Workplace stress and job satisfaction among child protective service workers in South Korea: Focusing on the buffering effects of protective factors

Youngsoon Chung, Jong Serl Chun

Research output: Contribution to journalArticlepeer-review

12 Scopus citations

Abstract

The aim of this study was to examine the relationships among workplace stressors including role ambiguity, role conflict, and role overload; organizational protective factors such as rapport with supervisor and client-centered supervision; personal protective factors including prosocial behavior and problem-focused strategies; and job satisfaction among a sample of Child Protection Services (CPS) workers in South Korea. Using a path analysis, the current study verified that rapport with supervisor, client-centered supervision, prosocial behaviors, and problem-focused strategies were protective factors among South Korean CPS workers; however, as protective buffers, each of these factors functioned differently against each stressor. We found that rapport with supervisor was a prominent protective factor against both role ambiguity and role conflict; problem-focused strategies had a protective effect against role ambiguity; and prosocial behavior and problem-focused strategies had other direct effects on job satisfaction. Based on our findings, we suggest implementing effective strategies to further develop rapport with supervisor, prosocial behavior, and problem-focused strategies for the purpose of increasing job satisfaction among CPS workers.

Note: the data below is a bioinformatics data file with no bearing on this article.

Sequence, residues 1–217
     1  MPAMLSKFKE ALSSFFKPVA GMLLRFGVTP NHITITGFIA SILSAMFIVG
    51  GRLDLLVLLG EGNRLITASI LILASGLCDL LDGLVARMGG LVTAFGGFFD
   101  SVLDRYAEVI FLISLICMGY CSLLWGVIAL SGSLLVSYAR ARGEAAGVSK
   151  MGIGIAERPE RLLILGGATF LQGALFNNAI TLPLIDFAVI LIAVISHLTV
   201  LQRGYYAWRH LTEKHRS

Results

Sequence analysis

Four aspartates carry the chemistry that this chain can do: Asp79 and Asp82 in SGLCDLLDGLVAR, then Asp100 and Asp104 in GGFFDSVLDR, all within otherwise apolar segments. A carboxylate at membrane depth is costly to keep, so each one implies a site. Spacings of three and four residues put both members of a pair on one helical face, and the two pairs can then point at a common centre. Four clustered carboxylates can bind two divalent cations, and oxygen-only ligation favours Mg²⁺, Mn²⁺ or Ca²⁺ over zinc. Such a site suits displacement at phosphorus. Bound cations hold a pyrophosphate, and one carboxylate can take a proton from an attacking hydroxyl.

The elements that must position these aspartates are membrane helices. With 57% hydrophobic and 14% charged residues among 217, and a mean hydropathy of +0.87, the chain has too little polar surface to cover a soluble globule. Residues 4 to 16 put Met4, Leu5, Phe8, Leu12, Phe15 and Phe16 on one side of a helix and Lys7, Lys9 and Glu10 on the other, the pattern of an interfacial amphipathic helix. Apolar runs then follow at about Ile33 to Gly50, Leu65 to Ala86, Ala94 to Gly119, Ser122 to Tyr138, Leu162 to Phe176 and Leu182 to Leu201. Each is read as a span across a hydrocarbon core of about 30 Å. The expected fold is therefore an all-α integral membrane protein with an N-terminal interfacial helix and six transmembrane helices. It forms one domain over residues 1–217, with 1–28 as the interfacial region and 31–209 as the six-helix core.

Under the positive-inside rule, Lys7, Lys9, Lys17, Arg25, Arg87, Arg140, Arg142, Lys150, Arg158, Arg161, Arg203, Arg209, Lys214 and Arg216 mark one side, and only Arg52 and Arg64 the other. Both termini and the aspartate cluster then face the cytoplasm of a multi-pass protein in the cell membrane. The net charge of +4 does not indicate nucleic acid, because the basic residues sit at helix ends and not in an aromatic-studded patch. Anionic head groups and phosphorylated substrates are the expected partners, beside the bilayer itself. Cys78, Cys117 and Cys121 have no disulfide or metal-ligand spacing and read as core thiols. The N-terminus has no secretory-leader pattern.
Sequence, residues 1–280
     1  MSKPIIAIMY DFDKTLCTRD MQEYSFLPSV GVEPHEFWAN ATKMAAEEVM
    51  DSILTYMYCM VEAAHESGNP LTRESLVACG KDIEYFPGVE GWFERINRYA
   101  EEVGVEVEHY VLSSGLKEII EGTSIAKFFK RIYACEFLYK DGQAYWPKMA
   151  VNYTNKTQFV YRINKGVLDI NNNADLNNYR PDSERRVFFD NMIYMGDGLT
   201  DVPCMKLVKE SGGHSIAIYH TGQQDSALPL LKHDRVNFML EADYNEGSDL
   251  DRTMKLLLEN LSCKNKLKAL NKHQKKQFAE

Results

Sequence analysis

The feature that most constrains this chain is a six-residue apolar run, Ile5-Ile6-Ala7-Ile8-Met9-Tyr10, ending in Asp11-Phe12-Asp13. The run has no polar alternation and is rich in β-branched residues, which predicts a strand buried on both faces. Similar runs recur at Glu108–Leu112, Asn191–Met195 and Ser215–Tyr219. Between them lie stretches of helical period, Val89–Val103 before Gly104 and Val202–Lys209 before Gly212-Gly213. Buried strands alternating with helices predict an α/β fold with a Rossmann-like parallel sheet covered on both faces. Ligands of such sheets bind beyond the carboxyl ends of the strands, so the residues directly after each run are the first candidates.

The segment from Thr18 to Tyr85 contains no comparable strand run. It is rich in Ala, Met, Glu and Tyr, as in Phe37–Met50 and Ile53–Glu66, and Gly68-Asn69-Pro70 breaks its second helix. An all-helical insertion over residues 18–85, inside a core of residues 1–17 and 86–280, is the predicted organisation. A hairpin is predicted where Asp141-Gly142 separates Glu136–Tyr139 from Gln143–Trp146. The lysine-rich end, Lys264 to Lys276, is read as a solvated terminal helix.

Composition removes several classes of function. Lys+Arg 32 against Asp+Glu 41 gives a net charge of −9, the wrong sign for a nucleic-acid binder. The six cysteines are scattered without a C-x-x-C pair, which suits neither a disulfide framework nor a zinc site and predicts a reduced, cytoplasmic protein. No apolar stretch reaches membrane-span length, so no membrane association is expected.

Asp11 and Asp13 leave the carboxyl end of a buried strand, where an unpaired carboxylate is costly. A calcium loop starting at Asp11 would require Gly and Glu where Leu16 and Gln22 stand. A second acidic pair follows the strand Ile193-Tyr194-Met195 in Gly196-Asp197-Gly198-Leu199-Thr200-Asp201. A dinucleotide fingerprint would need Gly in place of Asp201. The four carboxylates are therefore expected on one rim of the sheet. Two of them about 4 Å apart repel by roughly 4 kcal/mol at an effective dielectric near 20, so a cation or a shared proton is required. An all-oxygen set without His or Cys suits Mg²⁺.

Original languageEnglish
Pages (from-to)134-140
Number of pages7
JournalChildren and Youth Services Review
Volume57
DOIs
StatePublished - 1 Oct 2015

Bibliographical note

Publisher Copyright:
© 2015 Elsevier Ltd.

Keywords

  • Child protective service workers
  • Job satisfaction
  • Protective factors
  • South Korea
  • Workplace stressors

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